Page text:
David Aaronovitch: Voodoo Histories (4 stars)

David Aaronovitch: Voodoo Histories

Pearl Harbour was engineered by FDR so America could enter World War II. Princess Di was bumped off by MI6. And 9/11 was the master plot of a wicked American administration. All because TV documentaries, the internet or some bloke down the pub told us so. But they’re simply wrong, as the empirical evidence isn’t there, and more often than not, neither is the logic. Yet, simply debunking conspiracy theories isn’t journalist David Aaronovitch’s only goal. He also examines the long view of their role in modern history and explores their psychology, a mixture of hysteria, paranoia, stubborn incredulity and simple stupidity.

Quite the opposite of conspiracy theories, Voodoo Histories isn’t sexy; it’s a weighty, heavily-researched tome that largely resists condescendingly rubbishing the ramblings of loonies. Aaronovitch actually finds room to suggest that conspiracy theories – while undoubtedly dangerous – may even have a semi-valuable social function as a levee against indifference. More instantly gratifying is the arsenal of factual ammunition he provides for shooting down know-it-all pub bores.

(Jonathan Cape)

Comments

1. ngdale2 Dec 2009, 5:09am1 star David Aaronovitch: Voodoo Histories Report

Aaranaovitch's is a deeply flawed book, largely because he seems to convince himself - though not any astute reader - by the end of the book that there is no such thing as a conspiracy at all. This slippery slide into ad absurdum is facilitated by equating patently absurd notions - e.g. that there never was a moon landing to ones that are vastly more complex and harder to settle authoritatively such as the Kennedy assassination. The rebuttals to the idea that Kennedy was killed by a consortium have been powerful but it is no less dogmatic than the worst conspiracy theorist, to move from this serious argumentation to certainty of the lone gunman. Confessing to having been a believer in the conspiracy theory of the assassination as a youth, Aaronovitch displays the pendulum swing to the other extreme typical of any zealot. Along the way he is dismissive of anyone who holds legitimate views different from his his conclusions and, ends up taking the untenable position that virtually every alleged conspiracy in history is based on some flaw of the human psyche which, he, of course, has now transcended.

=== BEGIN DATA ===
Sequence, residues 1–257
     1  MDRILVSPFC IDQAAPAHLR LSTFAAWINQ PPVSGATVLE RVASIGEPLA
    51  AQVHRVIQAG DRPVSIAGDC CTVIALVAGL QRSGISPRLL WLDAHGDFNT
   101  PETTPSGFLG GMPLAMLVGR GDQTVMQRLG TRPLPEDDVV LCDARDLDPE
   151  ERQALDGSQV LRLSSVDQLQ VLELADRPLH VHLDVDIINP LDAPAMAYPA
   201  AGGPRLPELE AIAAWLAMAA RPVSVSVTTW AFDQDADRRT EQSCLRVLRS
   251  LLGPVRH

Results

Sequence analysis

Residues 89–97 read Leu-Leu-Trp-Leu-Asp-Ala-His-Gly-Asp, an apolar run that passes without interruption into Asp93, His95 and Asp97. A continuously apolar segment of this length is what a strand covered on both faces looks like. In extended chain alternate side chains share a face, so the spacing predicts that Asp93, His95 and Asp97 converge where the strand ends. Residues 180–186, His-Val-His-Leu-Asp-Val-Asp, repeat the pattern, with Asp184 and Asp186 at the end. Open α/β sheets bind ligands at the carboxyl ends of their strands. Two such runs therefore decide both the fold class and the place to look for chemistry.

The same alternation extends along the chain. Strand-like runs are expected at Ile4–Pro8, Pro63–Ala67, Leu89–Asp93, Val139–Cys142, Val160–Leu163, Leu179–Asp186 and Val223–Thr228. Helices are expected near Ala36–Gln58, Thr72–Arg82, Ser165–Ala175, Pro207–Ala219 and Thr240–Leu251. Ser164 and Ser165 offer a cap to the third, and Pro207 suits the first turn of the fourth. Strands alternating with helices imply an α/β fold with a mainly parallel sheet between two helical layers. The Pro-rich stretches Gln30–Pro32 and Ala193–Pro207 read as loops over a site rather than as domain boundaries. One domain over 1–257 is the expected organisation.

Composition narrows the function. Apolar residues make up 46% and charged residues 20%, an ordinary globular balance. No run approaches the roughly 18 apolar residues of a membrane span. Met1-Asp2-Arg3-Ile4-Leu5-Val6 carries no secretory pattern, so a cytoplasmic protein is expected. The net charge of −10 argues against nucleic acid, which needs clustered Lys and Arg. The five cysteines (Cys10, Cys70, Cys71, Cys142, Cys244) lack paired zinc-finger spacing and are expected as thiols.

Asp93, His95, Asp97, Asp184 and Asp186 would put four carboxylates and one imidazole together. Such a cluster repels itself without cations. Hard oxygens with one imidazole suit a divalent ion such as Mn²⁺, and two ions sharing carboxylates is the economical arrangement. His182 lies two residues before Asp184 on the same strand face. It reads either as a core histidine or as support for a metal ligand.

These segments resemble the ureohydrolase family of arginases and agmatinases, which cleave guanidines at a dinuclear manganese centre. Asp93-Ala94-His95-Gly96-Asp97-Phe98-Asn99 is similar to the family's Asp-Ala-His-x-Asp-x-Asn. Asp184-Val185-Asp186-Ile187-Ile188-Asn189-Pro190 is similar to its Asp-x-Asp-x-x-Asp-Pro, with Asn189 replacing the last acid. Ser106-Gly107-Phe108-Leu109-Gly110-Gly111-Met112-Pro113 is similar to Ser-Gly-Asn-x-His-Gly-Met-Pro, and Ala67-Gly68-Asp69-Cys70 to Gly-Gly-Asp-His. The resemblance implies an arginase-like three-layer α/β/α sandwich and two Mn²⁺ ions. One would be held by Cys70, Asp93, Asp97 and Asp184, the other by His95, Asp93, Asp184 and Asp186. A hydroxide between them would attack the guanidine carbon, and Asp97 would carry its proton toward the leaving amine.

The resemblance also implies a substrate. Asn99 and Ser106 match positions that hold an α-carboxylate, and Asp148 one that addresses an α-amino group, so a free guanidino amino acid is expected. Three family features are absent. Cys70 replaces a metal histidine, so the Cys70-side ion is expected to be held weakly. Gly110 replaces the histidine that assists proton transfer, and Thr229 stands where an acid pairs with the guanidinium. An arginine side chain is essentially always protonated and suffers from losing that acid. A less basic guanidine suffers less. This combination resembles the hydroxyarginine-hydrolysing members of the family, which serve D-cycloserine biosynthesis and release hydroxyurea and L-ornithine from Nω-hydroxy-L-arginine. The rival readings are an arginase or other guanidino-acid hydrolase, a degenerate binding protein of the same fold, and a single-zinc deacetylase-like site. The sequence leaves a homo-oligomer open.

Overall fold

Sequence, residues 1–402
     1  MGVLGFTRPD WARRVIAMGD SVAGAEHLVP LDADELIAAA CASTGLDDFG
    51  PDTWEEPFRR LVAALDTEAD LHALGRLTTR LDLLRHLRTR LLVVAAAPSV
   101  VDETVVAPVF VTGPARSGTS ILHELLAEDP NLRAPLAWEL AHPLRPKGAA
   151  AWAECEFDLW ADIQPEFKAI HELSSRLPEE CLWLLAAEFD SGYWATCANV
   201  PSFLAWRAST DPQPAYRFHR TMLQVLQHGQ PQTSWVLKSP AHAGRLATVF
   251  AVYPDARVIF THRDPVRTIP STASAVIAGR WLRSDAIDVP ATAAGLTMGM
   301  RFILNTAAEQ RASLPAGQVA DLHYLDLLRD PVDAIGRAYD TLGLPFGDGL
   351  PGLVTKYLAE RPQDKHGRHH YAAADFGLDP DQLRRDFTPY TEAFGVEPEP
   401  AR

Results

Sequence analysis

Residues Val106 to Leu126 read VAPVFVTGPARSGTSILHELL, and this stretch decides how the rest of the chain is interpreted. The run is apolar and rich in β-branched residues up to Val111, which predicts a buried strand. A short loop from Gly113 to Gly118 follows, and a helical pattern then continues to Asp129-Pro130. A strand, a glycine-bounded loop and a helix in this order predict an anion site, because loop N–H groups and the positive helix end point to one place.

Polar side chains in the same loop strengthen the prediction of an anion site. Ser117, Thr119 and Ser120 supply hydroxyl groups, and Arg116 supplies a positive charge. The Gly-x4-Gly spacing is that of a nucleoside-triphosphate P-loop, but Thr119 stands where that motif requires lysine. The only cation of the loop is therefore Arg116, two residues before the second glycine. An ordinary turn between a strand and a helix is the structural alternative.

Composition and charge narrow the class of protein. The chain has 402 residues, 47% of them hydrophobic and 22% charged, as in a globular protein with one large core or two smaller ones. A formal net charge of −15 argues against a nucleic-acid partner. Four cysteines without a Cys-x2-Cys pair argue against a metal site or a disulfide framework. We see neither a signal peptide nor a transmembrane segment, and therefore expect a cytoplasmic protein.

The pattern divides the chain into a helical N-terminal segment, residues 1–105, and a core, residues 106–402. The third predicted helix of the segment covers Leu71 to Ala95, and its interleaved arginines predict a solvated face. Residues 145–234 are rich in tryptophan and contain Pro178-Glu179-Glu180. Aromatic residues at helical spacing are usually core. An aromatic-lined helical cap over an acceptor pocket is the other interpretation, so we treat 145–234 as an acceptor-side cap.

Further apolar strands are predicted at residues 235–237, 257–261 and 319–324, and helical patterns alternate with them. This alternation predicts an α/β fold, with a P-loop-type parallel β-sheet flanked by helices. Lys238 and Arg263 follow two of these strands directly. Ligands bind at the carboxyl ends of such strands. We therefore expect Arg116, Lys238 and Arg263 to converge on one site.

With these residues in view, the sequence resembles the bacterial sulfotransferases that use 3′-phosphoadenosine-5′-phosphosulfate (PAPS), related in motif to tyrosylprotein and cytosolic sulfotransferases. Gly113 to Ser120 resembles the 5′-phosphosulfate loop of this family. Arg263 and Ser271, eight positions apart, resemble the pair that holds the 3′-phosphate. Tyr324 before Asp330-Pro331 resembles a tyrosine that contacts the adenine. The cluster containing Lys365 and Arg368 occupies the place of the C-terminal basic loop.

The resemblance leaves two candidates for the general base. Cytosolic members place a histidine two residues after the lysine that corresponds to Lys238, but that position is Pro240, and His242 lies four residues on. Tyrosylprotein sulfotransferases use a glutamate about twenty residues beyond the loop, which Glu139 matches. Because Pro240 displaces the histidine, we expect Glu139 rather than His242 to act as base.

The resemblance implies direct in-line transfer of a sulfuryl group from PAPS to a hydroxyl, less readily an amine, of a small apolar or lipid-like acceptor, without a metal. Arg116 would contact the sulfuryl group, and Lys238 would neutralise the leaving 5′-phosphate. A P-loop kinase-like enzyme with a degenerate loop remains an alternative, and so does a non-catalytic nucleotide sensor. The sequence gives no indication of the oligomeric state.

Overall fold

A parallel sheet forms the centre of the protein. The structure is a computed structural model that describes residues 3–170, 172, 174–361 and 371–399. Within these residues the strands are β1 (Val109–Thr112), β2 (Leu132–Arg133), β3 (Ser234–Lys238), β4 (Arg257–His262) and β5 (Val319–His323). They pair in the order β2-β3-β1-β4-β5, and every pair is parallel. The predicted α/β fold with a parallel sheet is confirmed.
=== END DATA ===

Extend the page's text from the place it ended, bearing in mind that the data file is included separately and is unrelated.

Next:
Where in this tome, except for the right winders who lobbied for the invasion of Iraq, if there recognition that powerful people actually do conspire to do wrong. Does he confront American role in the overthrow of Allende in Chile ? And what about the burning of the Reichstag in Germany, the murder of the Polish officer in the Katyn forest, the shameful involvement of the French in the 1994 Rwandan genocide? To extrapolate from Aaronovitch, I guess that's all more poppycock.

Oh, one last thing: the usage of "voodoo" as a taken-for-granted synonym for that which is not real, is an indicative piece of ethnocentrism. Aaronovitch should be confined to his quarters until he has read and passed a comprehension test on a far better book than his, Ward Davies' The Serpent and the Rainbow. It might bring him around to a somewhat more robust appreciation for what a strange world we live in, one in which mysteries cannot always be cleared up by a semi-diligent reporter.

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